The Research Symposium is an opportunity for undergraduate students in the Faculty of Science to present their research projects as effectively and accessibly as possible to a broad audience. It provides a great way for our undergraduate students from across the Faculty to showcase the future of scientific thinking and discovery.
Engineering student Rebecca discusses her research project ‘An Investigation of the Wind Environment Generated Around Bridgewater Place’, which won ‘The Bill Bryson Prize for Communication in Science’ and also ‘The Audience Choice Award for Best Presentation’, an award voted for by the audience in recognition of their favourite presentation and poster.
My research project
The highlights of my course have definitely been the multiple opportunities to carry out student led project work both in a team and individually. On the course we have to carry out team design projects in the first three years which are not only fantastic experience for the real world of work, but also give you the opportunity to work on something that you have come up with and invested in yourself. The project truly is your own and you can really focus on what interests you. Similarly the research project in fourth year affords you the chance to pick an area you’re really interested in and take it any direction you like. When I started my project there were a few different avenues to explore, but I focused in on the one I was particularly interested in and, as a result, it’s been one of my most enjoyable experiences at University.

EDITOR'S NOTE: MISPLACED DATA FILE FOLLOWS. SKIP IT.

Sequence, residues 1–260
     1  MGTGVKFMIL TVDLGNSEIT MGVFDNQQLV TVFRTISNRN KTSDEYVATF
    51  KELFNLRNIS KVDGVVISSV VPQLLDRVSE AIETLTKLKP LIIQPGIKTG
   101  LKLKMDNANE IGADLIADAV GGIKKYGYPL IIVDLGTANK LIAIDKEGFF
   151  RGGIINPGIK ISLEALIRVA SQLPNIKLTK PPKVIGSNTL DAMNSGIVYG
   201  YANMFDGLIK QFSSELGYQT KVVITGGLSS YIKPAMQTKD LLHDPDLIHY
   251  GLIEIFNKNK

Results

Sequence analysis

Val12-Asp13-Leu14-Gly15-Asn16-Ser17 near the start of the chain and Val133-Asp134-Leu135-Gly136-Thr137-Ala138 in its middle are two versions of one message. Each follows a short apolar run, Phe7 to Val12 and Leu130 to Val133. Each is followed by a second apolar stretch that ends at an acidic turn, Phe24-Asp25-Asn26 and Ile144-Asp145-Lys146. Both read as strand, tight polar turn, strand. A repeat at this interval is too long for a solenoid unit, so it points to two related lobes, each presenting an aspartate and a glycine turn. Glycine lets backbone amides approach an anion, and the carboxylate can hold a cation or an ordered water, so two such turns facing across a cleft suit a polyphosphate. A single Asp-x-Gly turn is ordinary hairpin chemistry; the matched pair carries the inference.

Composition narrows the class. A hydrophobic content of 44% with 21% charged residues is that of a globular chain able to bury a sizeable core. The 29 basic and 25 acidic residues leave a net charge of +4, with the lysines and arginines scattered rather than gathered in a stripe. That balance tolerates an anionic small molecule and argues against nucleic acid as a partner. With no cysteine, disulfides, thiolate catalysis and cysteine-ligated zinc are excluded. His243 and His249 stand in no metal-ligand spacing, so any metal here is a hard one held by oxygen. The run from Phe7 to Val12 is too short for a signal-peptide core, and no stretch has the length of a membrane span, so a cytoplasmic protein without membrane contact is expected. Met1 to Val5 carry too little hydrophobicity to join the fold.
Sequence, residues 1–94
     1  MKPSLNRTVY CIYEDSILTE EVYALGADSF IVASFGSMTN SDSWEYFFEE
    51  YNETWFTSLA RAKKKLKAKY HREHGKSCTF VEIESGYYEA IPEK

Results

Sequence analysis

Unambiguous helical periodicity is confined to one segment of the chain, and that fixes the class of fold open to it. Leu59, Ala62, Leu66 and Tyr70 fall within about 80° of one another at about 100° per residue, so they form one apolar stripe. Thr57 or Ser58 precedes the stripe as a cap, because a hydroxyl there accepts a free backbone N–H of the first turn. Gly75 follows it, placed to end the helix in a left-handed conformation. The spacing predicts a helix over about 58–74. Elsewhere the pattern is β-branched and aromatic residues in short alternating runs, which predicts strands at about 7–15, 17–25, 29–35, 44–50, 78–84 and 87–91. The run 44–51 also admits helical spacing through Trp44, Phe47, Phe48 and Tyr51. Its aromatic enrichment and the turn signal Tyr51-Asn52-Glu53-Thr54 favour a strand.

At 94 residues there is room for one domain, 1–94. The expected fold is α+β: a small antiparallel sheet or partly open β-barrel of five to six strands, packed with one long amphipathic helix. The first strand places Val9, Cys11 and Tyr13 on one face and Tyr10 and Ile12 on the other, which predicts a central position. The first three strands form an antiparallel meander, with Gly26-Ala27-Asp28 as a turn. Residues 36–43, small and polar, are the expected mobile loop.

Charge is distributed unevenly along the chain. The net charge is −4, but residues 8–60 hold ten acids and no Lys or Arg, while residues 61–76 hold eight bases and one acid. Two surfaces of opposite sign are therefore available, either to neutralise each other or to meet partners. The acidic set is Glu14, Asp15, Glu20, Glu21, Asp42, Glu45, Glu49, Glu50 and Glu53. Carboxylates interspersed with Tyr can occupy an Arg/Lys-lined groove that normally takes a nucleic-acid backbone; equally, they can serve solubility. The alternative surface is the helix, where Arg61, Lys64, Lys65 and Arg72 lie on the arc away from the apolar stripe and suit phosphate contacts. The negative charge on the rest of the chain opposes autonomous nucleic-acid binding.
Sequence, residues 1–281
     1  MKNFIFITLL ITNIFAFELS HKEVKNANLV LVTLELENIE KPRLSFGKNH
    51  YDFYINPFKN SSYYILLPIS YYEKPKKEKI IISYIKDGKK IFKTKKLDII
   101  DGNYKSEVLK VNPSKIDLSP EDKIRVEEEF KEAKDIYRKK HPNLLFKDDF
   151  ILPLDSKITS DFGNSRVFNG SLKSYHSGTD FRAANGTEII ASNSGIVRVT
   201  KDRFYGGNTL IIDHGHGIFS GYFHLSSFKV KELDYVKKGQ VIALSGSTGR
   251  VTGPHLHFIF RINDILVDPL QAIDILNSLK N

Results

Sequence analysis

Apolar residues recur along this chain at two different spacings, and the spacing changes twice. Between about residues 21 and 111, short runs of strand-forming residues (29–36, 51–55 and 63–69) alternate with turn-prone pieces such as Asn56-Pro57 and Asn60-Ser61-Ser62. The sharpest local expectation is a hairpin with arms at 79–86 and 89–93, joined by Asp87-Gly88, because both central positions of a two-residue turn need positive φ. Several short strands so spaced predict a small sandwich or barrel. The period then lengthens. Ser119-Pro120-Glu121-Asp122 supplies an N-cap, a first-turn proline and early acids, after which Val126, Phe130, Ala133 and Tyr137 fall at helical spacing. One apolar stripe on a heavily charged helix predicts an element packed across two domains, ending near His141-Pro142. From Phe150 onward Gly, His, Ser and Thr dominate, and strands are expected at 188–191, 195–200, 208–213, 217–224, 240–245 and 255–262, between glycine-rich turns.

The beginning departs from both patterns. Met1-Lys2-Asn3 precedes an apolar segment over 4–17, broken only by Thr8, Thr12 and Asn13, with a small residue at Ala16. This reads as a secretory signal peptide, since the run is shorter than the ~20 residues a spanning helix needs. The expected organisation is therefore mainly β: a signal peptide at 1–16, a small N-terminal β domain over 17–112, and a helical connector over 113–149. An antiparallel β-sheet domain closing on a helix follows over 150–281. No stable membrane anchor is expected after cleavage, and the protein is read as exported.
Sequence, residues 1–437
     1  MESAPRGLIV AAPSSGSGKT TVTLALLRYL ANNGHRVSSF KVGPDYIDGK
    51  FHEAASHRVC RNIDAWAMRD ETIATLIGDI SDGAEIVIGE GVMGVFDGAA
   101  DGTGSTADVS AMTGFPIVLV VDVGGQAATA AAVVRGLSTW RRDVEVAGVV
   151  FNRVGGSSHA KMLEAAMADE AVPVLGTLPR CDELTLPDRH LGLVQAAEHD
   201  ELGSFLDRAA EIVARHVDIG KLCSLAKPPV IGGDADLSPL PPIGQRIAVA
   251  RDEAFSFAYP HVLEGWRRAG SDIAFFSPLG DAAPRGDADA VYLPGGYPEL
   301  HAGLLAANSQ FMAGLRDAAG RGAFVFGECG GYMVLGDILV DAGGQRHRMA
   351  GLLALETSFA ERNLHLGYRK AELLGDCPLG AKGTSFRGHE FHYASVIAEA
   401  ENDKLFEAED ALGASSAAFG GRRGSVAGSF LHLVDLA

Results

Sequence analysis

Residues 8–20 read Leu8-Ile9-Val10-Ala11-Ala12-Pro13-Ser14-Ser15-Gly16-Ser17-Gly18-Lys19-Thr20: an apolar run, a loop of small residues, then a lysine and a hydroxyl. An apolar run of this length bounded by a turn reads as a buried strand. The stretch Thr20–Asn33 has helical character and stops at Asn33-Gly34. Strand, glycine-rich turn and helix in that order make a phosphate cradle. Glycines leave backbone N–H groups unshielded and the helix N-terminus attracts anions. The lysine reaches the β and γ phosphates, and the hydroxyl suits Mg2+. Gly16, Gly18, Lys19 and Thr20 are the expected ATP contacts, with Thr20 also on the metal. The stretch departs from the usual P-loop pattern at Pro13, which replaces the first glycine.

I really think that the project sets you up to work as an engineer in a company. In the real world you won’t always get a full set of guidelines, questions and tutorials to come to the correct conclusion! Engineering is all about being given a problem and solving it for yourself in the most efficient manner. The research project really helps you to develop that skill.
Rebecca won the Bill Bryson Prize for Communication in Science and the Audience Choice Award for Best Presentation
As I’ve already said, learning to take the lead on your own project is a very useful skill. But I would also say that research-led teaching has helped me improve my ability to self-learn. The coding base that I was using in my project is not well used at the university, especially not for the kind of simulation I was running. A lot of the learning had to be done myself through online documentation, trial and error, and shear perseverance! I’ve gone from never having used the software before to being able to run a full scale city simulation and I think that’s just proved to me what I can achieve when I set my mind to it.
Read more about the Rising Stars Research Symposium.
Rebecca Madden will be graduating from the MEng in General Engineering, with a specialism in aeronautical engineering. Rebecca will be joining Jaguar Land Rover as part of the aerodynamics team.